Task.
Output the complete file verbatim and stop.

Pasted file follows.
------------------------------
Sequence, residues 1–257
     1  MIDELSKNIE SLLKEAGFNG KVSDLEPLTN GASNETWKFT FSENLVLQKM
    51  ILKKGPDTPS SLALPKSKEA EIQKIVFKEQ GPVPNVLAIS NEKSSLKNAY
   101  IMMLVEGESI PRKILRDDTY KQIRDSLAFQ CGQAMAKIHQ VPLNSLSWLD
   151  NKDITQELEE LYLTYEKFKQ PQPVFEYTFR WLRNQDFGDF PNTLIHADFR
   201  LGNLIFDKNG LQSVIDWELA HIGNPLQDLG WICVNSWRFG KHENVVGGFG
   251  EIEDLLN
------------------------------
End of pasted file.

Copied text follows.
Sequence, residues 1–257
     1  MIDELSKNIE SLLKEAGFNG KVSDLEPLTN GASNETWKFT FSENLVLQKM
    51  ILKKGPDTPS SLALPKSKEA EIQKIVFKEQ GPVPNVLAIS NEKSSLKNAY
   101  IMMLVEGESI PRKILRDDTY KQIRDSLAFQ CGQAMAKIHQ VPLNSLSWLD
   151  NKDITQELEE LYLTYEKFKQ PQPVFEYTFR WLRNQDFGDF PNTLIHADFR
   201  LGNLIFDKNG LQSVIDWELA HIGNPLQDLG WICVNSWRFG KHENVVGGFG
   251  EIEDLLN